A Huge, Long, Crazy, Sad, Happy, Glorious History

An Interview with Filmmaker Stanley Nelson on the Opening of the National Museum of African American History and Culture

By Cori Brosnahan

Stanley Nelson on the road with American Experience in 2011, retracing the 1961 Freedom Rides. Photo by Christopher Churchill, Courtesy of WGBH

Stanley Nelson is a documentary filmmaker, whose work for American Experience includes The Murder of Emmett Till, Freedom Summer, and Freedom Riders. Today, Nelson is being honored with the News & Documentary Lifetime Achievement Award by the National Academy of Television Arts & Sciences. Nelson and his colleagues at Firelight Media contributed 17 film pieces to the National Museum of African American History and Culture, opening September 24th in Washington D.C. American Experience spoke to him about his experience documenting African American history, and the significance of the newest institution on the Mall.

What does the opening of this museum mean to you?

I had a really strange experience because I almost begged them to let me work on the exhibits. I didn’t need to beg, but it was a real honor to work on the museum. After 50 years — who knows? My grandkids, great-grandkids might go there and see that stuff and think, that’s my grandpa’s work. It’s an incredibly beautiful space, and it’s an incredibly important space. So for me it was like a dream to be able to contribute in some small way to this museum.

This is a museum of African American history and culture. This is the culture that I grew up in. This is me. This is my history. And again, it’s going to be there for a long, long time. And not to say that documentary films aren’t going to be there for a long time, but if you want to know about Freedom Summer, you’ve got to pull it up, buy a DVD, tune in or something. This is different: You might just be walking through the museum — you could be anybody — and there it is. All of a sudden, you’re engaged by the exhibit that we contributed to on Emmett Till or women in the Civil Rights Movement. All of those things are there for people to see.

The museum has a huge responsibility: shaping the narrative of African American history. You’ve taken on a similar responsibility with your films. Does that weigh on you?

Yeah, I feel it constantly. I feel the weight of history, of ancestors, to try to tell these stories accurately. No one’s going to make another Freedom Riders film for years probably, if ever. You’ve got one shot. I feel like there’s a huge weight on me to tell these stories and tell these stories right. But at the same time, you’ve got to throw all that away and just do your best to tell a story that’s engaging and accurate, but that’s entertaining, too. I want people to come to me afterwards and say, “that was a good film, I really enjoyed it.” I always feel like if you watch a film that’s an hour-and-a-half or two hours, you’re going to learn something that you didn’t know. So the question isn’t, how do I teach people? The question is, how do I entertain and engage people, and get them caught up in this story?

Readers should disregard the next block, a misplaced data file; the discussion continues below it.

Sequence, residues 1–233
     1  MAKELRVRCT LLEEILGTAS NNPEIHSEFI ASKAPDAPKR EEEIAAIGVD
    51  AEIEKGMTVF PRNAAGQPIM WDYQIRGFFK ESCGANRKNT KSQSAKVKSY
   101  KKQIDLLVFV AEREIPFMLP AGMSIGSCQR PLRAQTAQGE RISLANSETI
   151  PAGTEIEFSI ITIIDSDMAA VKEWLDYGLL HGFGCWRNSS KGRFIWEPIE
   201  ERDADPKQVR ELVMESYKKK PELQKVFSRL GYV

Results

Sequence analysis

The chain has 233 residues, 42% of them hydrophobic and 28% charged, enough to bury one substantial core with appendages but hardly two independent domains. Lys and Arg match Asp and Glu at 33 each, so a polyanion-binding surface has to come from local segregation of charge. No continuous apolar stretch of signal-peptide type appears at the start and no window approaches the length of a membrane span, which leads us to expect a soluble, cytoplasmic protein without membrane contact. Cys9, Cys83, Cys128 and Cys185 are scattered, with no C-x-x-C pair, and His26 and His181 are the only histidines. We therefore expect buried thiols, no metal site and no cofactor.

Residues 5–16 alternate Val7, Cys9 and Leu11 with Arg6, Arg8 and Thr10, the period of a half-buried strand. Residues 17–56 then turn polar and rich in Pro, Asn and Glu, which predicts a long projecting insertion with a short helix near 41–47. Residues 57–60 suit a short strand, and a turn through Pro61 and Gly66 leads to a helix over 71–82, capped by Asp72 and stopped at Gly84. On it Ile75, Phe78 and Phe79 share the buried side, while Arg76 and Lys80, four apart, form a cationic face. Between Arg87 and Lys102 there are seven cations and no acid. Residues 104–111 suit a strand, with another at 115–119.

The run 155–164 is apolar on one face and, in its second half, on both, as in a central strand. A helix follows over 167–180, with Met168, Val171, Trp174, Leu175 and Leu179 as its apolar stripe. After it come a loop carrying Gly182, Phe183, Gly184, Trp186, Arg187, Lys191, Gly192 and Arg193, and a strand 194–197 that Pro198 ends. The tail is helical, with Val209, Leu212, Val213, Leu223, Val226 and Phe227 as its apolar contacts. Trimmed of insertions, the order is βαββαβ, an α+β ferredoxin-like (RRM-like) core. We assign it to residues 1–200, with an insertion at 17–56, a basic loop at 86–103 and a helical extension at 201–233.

Museum Director Lonnie Bunch has called the black experience “the quintessential American story.” How do you see the relationship between American history and African American history?

I think African American history is American history. We were brought here very early on. There are very few people who can trace their ancestry to the first British who came. We’ve been here as a people longer than almost everyone else and our experiences have been as varied as anyone else. We’ve gone from our experience being slaves to being the president of the United States, and everything else in between. It’s a huge, long, crazy, sad, happy, glorious history. I hope people see that and understand it. I especially hope that African Americans see it and embrace it, and understand the varied history that we have in this country.

Aaron Henry, chair of the Mississippi Freedom Democratic Party delegation, reading from a document while seated before the Credentials Committee at the 1964 Democratic National Convention, in Atlantic City, New Jersey. Photo by Warren K. Leffler, Courtesy of the Library of Congress

Do you ever find any tension between those two identities — American and African American?

Not really, not most of the time. I think that we all are more than one thing — we’re white, we’re black, we’re male, we’re female, we’re young, we’re old, we’re sick, we’re healthy — we’re all more than one thing at once. Our trick a lot of times as African Americans is to figure out a balance and to figure out how we look at ourselves and confront ourselves on our own terms — not how someone else may want to classify us, but how we see our own selves. I think that’s what’s important.

What’s your dream for the museum? How would you like people to feel when they leave?

I would like people to be entertained by the museum. I would like the museum to make them cry. I would like the museum to make them smile. I’d like the museum to make them think about the long, long history of African American people in this country… and, no matter where you’re from, or what race you are, to get a sense of what it means to be African American in this country. I think for most African Americans, we look on that as a glorious experience.

This interview has been edited and condensed for clarity.

For more, visit the official American Experience Website